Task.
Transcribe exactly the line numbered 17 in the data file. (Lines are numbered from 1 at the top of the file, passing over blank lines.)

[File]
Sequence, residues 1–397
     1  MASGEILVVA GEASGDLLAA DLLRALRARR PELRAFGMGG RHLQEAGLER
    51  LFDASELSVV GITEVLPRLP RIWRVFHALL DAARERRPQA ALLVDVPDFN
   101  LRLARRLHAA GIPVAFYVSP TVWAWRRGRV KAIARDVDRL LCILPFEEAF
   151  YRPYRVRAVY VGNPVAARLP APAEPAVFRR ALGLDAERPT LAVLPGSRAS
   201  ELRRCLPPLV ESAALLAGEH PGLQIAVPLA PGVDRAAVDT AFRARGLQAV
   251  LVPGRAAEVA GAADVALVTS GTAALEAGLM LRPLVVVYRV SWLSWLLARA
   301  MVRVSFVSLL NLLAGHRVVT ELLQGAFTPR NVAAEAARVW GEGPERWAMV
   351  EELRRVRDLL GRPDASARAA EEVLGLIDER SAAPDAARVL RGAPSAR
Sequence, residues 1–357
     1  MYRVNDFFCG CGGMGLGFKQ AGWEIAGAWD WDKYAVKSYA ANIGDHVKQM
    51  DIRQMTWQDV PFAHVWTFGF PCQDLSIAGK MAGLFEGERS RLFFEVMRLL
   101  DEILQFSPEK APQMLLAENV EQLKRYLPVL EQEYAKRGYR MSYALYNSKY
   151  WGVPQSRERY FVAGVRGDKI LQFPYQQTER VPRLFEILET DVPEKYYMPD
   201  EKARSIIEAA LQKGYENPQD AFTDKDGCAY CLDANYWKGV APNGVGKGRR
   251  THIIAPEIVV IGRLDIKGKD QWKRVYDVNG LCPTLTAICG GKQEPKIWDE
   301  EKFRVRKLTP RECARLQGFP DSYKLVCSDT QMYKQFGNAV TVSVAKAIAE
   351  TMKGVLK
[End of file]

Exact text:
   301  EKFRVRKLTP RECARLQGFP DSYKLVCSDT QMYKQFGNAV TVSVAKAIAE